And while copper prices have been increasing, forecasts for future copper prices are cloudy due to the uncertainties created by U.S. economic policy.
What Are the Benefits of Recycling Scrap Copper?
It’s still important to bring your scrap copper to recycling firms like GLE Scrap Metal. In doing so, there are major contributions that you’re making to our environment, including the fact that recycling copper can:
- Reduce the energy input and amount of emissions compared to when metal gets extracted from its ore.
- Help preserve our natural resources.
- Promote energy conservation, since far more energy is required to extract copper from copper ore, while copper recycling only uses 10 percent of the same amount of energy.
Copper ore is a very limited resource, which is why recycling copper is so important. When copper is brought to a recycler like GLE Scrap Metal, scrap copper can eventually get inspected and graded, then melted, refined and purified. It can then be reused for the manufacturing of new products.
The alloying properties in copper, combined with other metals like zinc or tin, are increasingly used for specialized applications. A good example is on the hulls of ships, because copper helps prevent them from corroding due to exposure to sea water. Copper is also a major product in automobiles, in connectors built into cars and trucks, and more recently, semiconductor manufacturers have used copper for circuitry in silicon chips.
Recycled copper is also frequently used in:
- building construction
- generating power
- the production of industrial machinery
- wiring and plumbing for appliances
- wiring in heating and cooling systems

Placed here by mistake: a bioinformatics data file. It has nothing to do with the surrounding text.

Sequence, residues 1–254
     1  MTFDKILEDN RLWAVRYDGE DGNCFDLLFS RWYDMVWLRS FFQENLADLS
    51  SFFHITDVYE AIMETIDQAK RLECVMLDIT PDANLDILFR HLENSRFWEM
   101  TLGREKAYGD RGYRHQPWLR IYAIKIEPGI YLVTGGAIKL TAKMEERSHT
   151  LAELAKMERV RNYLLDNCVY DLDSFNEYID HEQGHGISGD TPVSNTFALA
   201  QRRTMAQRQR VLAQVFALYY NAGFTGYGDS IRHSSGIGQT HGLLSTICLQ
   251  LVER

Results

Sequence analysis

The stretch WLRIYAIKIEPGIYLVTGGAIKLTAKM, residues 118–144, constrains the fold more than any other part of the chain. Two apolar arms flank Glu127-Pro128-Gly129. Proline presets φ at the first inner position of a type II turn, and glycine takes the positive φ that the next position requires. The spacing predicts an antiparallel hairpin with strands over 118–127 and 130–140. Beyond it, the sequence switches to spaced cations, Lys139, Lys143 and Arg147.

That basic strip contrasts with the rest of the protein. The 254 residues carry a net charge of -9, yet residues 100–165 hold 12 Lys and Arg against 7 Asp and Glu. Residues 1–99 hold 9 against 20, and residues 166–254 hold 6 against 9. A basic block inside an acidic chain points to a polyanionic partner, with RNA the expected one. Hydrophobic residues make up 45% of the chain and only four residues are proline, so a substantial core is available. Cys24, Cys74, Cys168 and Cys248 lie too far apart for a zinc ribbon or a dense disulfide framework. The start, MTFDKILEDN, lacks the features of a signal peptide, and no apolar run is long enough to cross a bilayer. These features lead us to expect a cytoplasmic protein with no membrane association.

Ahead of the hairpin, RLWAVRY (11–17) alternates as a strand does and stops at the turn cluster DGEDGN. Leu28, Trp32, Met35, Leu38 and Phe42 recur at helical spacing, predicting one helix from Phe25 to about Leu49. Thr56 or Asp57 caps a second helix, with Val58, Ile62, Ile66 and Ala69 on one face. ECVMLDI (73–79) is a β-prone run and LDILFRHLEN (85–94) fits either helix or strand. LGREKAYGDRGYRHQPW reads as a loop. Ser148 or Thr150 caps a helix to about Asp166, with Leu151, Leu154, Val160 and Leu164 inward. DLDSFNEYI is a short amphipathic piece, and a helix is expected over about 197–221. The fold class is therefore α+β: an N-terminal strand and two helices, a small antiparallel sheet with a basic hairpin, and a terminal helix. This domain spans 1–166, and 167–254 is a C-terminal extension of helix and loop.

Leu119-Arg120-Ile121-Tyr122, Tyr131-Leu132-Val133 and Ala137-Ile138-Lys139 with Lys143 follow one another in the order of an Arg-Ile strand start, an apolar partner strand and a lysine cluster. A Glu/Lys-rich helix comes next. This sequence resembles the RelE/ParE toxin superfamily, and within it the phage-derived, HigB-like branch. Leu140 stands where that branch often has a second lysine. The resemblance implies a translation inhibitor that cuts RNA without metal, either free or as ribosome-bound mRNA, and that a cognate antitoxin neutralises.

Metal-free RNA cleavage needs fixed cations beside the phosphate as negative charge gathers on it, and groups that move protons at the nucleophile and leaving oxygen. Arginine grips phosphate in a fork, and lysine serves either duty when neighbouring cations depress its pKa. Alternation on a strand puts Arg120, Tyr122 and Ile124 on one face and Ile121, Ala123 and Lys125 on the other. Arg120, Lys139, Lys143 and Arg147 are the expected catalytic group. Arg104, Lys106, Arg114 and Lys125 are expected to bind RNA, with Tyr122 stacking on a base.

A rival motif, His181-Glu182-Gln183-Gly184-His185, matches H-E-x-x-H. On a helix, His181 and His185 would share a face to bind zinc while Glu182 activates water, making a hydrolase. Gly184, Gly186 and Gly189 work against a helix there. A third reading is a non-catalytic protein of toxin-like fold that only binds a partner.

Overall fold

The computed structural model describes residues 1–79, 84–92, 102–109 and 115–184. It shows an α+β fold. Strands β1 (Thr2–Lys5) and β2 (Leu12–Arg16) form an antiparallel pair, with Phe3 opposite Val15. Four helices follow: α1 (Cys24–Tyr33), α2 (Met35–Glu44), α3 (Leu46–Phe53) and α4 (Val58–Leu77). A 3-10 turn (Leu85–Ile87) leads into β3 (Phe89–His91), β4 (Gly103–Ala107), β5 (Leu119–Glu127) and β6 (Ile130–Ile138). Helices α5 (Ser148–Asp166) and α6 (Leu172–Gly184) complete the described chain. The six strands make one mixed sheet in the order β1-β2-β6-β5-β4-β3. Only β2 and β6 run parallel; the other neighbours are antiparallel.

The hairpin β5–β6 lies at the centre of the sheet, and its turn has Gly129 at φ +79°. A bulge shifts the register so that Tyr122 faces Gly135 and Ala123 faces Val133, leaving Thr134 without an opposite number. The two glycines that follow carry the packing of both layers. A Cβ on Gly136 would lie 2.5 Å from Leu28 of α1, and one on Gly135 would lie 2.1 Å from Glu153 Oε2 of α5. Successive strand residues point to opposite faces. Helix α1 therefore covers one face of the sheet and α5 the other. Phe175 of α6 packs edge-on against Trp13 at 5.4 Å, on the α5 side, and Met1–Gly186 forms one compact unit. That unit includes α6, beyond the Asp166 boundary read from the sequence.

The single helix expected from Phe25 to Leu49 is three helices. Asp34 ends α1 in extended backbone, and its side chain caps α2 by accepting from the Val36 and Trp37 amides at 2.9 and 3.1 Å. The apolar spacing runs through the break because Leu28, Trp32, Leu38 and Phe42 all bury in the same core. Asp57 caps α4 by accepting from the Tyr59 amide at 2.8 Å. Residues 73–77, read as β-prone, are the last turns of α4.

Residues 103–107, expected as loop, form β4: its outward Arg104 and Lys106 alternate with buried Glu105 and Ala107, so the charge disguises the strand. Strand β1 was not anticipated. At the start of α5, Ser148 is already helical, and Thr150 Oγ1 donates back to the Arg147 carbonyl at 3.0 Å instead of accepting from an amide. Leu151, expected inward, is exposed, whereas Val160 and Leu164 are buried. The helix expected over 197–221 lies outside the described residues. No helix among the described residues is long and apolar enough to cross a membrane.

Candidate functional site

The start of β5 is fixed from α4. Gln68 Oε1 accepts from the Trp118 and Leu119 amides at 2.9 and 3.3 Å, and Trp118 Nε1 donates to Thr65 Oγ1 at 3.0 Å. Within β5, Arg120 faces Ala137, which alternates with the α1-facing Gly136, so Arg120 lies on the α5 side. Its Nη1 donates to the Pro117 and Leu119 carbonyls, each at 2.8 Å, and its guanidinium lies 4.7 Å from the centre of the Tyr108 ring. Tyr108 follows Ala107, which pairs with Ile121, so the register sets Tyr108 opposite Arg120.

- telecommunications links
One of the oldest metals, copper dates back more than 10,000 years, and was one of the first metals extracted and used by humans. In ancient times, copper was used in coins dating back to 8000 BC.
Copper alloys have been used for everything from decorative items to church bells and the construction of buildings, particularly in plumbing, wiring and roofing.
There will always be a need for copper, which is why it’s important to bring all scrap copper to a recycler like GLE Scrap Metal. Just keep in mind that it can be a challenge for recyclers to post prices for copper and other scrap, simply because those numbers change – weekly, often daily, and even hourly.
GLE Scrap Metal is a full-service, all-in-one recycling company with operations throughout the U.S. GLE recycles more than 250 million pounds of scrap metal each year and employs an experienced logistics team that handles its expansive fleet of trucks as well as equipment for jobs of any size, at any facility.
The dedicated GLE team provides safe, environmentally friendly service. This family-owned and operated business maintains a zero-landfill policy to utilize our natural resources and help conserve energy.
To learn more, call GLE Scrap Metal at 855-SCRAP-88.